SAITA: Don’t leave informal trade behind in move to less harmful tobacco products

The South African Informal Traders Alliance (SAITA), the official voice of over two million informal traders in South Africa, is calling on government and tobacco companies to ensure informal traders and their customers are not left behind in the move to less harmful tobacco products, and away from combustible products such as cigarettes.

Last week, SAITA hosted an educational webinar, as part of its SAITA STRAIGHT TALK series, for its members with ​​health activist and harm-reduction advocate, Dr Kgosi Letlape, to learn more about the principle of harm reduction and less harmful alternatives to cigarettes.

During the webinar, Letlape said: “Smoking cigarettes is the most harmful form of consuming nicotine.   The harmful chemicals which are produced when tobacco is burned is the main cause of smoking-related diseases, and in terms of harm reduction, when we don’t burn tobacco, we significantly reduce the levels of harmful chemicals.

“Therefore, products that do not combust tobacco are less harmful than smoking and people need to know this, so they can choose better alternatives if they don’t quit smoking. It is the duty of government, industry and society to ensure that smokers have access to less harmful nicotine products. It is unethical for us to deprive people of alternatives that are less harmful to their health and tobacco is no exception.”

Rosheda Muller, National President of SAITA, said: “We welcome smokers moving to less harmful products, and believe it is essential that these products, including heated tobacco, e-cigarettes and snus, are both accessible and affordable for informal traders and our customers.  We want to play a part in helping smokers make better choices, but if tobacco regulations do not enable them to understand why these products are better than cigarettes, and if they cannot access these products at prices that they can afford, our efforts will be in vain.”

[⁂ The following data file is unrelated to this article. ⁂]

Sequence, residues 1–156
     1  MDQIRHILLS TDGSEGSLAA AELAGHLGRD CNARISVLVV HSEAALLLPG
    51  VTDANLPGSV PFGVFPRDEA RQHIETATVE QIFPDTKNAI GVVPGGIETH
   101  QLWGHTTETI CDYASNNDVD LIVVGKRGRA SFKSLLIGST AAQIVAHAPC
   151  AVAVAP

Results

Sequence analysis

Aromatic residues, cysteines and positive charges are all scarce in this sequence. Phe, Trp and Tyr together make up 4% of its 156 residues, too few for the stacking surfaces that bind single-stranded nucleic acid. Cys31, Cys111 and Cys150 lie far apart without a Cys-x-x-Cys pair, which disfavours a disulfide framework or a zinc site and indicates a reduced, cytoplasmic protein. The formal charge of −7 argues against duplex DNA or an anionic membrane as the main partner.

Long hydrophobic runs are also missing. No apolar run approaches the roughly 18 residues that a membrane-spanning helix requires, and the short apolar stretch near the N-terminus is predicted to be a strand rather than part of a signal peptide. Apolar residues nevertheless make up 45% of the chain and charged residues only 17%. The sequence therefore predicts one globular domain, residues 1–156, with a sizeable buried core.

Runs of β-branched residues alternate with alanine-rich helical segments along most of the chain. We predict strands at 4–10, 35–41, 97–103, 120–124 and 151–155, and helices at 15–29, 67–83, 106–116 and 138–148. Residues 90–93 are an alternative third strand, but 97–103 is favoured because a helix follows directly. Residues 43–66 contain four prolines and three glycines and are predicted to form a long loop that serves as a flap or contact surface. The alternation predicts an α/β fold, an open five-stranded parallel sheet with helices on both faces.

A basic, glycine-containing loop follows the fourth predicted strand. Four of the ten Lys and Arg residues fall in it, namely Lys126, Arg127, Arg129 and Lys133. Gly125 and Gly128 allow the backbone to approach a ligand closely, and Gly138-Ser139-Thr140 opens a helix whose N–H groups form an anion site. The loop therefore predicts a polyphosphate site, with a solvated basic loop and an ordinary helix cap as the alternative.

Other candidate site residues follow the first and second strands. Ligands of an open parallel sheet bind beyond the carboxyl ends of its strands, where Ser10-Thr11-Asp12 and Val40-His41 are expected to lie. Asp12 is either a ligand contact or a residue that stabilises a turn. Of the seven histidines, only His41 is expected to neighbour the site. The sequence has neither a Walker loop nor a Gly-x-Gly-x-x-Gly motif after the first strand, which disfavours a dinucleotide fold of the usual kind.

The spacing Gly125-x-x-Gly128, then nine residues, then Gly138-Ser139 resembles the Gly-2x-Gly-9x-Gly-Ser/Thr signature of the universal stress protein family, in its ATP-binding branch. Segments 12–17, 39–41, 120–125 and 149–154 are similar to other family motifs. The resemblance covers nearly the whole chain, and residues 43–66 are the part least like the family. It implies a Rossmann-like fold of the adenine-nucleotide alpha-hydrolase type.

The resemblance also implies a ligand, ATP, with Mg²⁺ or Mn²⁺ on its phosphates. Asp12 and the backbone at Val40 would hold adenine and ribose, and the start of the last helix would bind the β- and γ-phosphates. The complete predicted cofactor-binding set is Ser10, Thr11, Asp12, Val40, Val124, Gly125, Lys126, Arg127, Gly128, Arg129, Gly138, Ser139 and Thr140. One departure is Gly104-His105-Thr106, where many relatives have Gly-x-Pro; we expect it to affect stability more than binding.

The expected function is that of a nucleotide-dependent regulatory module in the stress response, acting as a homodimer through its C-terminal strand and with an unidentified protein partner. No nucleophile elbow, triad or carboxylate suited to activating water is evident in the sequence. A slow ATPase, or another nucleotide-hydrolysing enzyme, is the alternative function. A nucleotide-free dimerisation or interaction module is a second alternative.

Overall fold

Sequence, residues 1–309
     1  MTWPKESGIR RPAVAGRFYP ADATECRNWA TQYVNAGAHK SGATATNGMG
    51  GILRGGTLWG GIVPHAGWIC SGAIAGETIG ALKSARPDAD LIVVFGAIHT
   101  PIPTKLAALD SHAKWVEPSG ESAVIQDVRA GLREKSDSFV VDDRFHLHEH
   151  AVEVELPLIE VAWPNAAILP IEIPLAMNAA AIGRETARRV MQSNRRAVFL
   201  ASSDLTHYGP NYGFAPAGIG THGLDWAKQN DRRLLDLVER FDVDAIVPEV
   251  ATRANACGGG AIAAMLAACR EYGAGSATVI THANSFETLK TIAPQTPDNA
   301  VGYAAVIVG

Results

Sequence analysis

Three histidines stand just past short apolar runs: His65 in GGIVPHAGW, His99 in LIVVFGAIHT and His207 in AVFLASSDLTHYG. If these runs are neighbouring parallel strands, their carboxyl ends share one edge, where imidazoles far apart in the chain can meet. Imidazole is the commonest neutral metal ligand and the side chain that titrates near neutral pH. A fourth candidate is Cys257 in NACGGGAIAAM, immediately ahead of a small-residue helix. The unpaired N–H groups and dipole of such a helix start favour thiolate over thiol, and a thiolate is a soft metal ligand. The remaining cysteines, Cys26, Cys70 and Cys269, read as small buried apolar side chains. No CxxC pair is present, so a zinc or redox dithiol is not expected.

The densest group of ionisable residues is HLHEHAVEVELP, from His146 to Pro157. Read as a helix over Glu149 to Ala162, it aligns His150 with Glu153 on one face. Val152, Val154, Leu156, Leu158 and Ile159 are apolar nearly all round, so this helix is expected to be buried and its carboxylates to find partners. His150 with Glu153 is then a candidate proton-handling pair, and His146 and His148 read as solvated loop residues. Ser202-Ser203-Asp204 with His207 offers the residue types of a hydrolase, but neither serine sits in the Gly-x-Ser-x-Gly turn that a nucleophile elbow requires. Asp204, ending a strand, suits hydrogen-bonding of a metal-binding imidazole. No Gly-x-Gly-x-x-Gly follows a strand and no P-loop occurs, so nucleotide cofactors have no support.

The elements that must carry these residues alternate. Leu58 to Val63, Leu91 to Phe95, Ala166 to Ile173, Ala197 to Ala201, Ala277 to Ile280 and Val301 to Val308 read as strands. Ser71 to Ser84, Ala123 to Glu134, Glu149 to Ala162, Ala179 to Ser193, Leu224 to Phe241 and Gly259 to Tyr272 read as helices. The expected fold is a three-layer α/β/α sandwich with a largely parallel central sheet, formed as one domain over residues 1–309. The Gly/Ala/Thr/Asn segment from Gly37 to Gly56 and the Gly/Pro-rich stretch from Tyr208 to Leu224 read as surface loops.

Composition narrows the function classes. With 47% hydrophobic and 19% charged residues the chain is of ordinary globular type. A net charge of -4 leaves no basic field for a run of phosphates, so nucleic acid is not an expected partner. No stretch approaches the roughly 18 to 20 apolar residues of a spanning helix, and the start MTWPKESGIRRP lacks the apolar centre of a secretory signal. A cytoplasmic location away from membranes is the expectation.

SAITA is consequently calling on all manufacturers of these products and the government, to address accessibility and affordability of these products for informal traders and their customers, as well as creating policies that help smokers understand how these products are better for them than smoking.

Letlape asserted that South Africa’s approach to regulating less harmful nicotine products should include a review of the scientific evidence and best practices from other countries that are making rapid progress in reducing smoking rates and improving the health profile of their societies by incorporating harm reduction into their tobacco control strategies.  He also spoke to the importance of affordability and differentiation between traditional cigarettes and reduced-harm products.

“As a health measure, we need to ensure that there are alternatives to combustible cigarettes that are also affordable.  If we get this right, people will be able to switch to better alternatives.  Price should not be a barrier to switching.  This includes creating favourable tax regimes so that harm reduction products are priced competitively to cigarettes.  There must also be a clear regulatory differentiation between reduced-harm products and cigarettes.  They are not the same thing, and therefore need to be regulated and taxed differently.”

Letlape compared tobacco harm reduction to South Africa’s approach to addressing the HIV/AIDS epidemic, explaining that it was not possible to get people to abstain from having sex, and so it was critical to promote the use of condoms instead.  “We educated people on responsible sexual behaviour and promoted treatment to reduce harm. If we did not, we would have had millions of preventable deaths in our society. It is the same with tobacco harm reduction – quit smoking, but if you can’t, then change to a less harmful alternative.”

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